Three Backup Catching Options Mets Should Pursue

According to reports, the New York Mets are currently looking to upgrade their bullpen and backup catcher situation. While Tomas Nido was a strong defensive catcher, he had just a 40 wRC+, which probably necessitates this search.

Ideally, whomever the Mets acquire can offer the Nido’s defensive abilities while also providing a better bat. Also, given the Mets shoestring budget, the player they acquire is likely going to have to be cheap. Here are five catchers who should meet those requirements:

Kevin Plawecki

The mention of Plawecki may not excite Mets fans who had grown exacerbated with his never quite fulfilling his offensive potential. Even with his offensive struggles in Cleveland, Plawecki’s 63 wRC+ was far better than Nido’s. If he reverts to the catcher who had a 10.8% walk rate and 96 OPS+ in his final three years with the Mets all the better.

Another factor with Plawecki is he has historically been a strong pitch framer. As noted by Baseball Savant, Plawecki was a strong pitch framer on the lower half of the plate. That is of no small significance with a pitching staff which includes Marcus Stroman, Noah Syndergaard, Jeurys Familia, and Edwin Diaz.

Of note with Syndergaard, who had his issues with Wilson Ramos, his 5.33 K/BB with Plawecki behind the plate is the best mark he has had with any catcher not named Rene Rivera.

Russell Martin

On the topic of the Mets pitchers who need the low strike to succeed, there was a Grantland article which described Martin’s strong framing, which included his exceptional work on the lower half of the zone. While he is not the same framer he was in his prime, he is still one of the better framers in the lower part of the zone getting a called strike a little over 50% of the time.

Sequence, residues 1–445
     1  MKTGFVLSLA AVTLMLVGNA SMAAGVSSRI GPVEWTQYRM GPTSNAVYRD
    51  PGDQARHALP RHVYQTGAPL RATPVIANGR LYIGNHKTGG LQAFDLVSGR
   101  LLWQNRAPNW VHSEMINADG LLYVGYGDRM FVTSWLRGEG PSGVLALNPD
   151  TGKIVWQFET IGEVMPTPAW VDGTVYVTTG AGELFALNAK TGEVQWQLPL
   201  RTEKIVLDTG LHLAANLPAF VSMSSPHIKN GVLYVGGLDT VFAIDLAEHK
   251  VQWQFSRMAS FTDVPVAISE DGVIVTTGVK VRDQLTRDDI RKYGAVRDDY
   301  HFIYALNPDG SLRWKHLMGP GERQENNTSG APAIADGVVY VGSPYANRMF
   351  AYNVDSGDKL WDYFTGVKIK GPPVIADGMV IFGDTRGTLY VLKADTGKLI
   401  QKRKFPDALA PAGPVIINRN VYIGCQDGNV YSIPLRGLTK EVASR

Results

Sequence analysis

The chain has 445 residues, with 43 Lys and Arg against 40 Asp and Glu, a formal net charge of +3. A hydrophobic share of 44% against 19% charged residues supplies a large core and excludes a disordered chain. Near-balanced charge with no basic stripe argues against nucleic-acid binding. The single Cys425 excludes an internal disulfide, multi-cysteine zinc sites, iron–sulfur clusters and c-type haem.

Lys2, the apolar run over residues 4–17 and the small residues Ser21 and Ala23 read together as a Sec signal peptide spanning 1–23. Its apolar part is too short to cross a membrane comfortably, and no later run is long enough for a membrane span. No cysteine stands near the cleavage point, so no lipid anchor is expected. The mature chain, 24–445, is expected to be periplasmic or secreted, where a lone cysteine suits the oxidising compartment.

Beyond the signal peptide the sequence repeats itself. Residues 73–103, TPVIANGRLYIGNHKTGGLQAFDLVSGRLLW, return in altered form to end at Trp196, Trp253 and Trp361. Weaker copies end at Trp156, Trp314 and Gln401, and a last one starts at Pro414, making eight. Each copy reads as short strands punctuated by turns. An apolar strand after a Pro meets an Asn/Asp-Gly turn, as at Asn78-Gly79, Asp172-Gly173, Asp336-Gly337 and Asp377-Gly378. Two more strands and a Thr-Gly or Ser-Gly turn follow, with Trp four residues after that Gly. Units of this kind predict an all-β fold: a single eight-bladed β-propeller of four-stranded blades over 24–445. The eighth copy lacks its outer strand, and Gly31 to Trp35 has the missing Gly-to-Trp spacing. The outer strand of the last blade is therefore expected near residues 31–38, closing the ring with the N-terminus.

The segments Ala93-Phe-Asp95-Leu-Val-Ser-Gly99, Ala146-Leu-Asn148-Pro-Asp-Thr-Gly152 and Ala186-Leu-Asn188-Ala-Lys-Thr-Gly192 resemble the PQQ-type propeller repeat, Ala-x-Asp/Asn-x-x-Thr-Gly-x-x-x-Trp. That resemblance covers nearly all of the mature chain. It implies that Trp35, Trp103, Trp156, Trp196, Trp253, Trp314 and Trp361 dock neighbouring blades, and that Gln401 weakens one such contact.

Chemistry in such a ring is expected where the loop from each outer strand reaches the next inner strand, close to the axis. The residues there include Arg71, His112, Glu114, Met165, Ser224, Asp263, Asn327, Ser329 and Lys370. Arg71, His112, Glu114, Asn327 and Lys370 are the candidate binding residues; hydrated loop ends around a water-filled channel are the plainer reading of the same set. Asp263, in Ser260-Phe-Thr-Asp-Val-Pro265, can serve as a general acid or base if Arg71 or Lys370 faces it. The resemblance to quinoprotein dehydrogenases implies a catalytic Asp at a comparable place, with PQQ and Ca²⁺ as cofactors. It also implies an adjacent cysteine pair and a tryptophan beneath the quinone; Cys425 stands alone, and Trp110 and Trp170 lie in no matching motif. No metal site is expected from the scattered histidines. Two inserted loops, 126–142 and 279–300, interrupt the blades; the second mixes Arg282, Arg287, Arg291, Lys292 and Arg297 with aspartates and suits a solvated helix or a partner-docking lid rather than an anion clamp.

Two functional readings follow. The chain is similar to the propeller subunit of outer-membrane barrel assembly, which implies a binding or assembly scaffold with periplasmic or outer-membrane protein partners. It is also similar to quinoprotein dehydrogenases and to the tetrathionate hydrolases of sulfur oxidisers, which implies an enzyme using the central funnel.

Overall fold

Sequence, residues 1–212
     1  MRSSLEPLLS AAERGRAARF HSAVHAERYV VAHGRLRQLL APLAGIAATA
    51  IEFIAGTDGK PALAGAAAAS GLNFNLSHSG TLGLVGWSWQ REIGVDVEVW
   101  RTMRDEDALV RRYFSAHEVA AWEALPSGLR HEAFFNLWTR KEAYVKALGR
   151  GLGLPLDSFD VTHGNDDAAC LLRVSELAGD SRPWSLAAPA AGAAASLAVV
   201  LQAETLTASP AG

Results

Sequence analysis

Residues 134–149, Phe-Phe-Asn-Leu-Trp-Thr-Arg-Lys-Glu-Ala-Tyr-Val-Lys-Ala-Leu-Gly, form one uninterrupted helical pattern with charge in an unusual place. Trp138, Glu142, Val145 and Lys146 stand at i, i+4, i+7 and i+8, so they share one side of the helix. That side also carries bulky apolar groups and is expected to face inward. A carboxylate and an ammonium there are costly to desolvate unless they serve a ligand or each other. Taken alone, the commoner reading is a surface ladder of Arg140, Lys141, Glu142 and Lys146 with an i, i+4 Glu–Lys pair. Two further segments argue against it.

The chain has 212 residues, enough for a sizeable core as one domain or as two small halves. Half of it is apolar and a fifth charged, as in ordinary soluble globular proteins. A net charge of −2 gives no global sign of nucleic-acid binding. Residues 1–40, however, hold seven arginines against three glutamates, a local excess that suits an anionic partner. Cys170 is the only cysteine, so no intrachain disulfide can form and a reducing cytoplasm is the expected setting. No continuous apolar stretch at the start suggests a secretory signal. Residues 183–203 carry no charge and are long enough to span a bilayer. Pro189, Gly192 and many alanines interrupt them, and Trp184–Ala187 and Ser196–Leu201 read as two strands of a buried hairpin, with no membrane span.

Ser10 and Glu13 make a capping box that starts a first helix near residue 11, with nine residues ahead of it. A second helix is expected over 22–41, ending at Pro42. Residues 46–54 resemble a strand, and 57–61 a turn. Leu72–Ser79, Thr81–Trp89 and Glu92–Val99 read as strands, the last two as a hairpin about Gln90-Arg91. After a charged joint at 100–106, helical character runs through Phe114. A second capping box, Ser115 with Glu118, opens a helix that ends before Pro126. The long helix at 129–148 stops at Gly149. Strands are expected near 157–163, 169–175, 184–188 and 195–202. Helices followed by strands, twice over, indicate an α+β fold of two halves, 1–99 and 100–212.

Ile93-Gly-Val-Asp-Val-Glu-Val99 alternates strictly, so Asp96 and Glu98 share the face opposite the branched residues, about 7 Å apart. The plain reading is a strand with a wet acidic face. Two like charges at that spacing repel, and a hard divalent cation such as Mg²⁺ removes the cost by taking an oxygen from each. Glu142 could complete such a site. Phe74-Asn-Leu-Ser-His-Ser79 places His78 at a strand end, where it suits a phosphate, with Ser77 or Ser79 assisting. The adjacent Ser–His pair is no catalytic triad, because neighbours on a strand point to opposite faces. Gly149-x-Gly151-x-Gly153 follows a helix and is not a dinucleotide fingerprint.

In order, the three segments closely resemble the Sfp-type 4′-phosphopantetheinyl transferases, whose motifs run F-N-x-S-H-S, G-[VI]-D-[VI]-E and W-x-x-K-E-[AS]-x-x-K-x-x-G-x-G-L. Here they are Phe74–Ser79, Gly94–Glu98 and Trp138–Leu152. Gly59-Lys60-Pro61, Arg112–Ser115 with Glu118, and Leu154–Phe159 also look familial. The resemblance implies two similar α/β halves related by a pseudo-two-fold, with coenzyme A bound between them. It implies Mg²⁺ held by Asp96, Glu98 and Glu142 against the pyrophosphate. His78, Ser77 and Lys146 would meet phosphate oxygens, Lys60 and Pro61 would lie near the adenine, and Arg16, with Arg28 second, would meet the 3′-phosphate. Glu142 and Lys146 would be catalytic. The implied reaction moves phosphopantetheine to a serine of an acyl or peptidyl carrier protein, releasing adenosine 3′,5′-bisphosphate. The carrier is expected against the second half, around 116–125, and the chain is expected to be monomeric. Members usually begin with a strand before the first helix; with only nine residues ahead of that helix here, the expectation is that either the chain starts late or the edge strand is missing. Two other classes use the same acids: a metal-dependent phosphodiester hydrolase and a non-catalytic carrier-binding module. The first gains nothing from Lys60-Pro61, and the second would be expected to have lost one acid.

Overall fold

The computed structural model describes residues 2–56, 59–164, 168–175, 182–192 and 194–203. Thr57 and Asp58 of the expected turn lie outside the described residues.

In addition to framing the low strike, Martin had a strong offensive season for a backup catcher with an 83 wRC+. However, it should be noted that was part of a three year drop off offensively, and he is 36 years old. Still, Martin is a respected veteran presence, and that should not be underestimated.

If the Mets do change course and go with the personal catcher route, it would be much more palatable to Ramos and the clubhouse for the Mets to defer to a catcher of Martin’s stature than it probably was with Nido last year. Overall, this should help the clubhouse and the pitching staff. Speaking of saving the pitching staff, Martin can be relied upon as a reliever in blow out games.

Jason Castro

With the Mets hiring Jeremy Hefner as the pitching coach, the organization is looking for an advanced analytical approach to help bring the pitching staff to bring them to the next level. This requires the implementation of a new organizational philosophy across the board. That process could be helped along by the Mets bringing in Castro, who worked with Hefner in Minnesota.

In addition to his knowledge of what Hefner is looking to do, Castro is a strong framer, and like aforementioned catchers, he is strong in the lower parts of the zone. He is also exceptional at getting the corners. Unlike the aforementioned catchers, he was an above average league hitter with a 103 wRC+.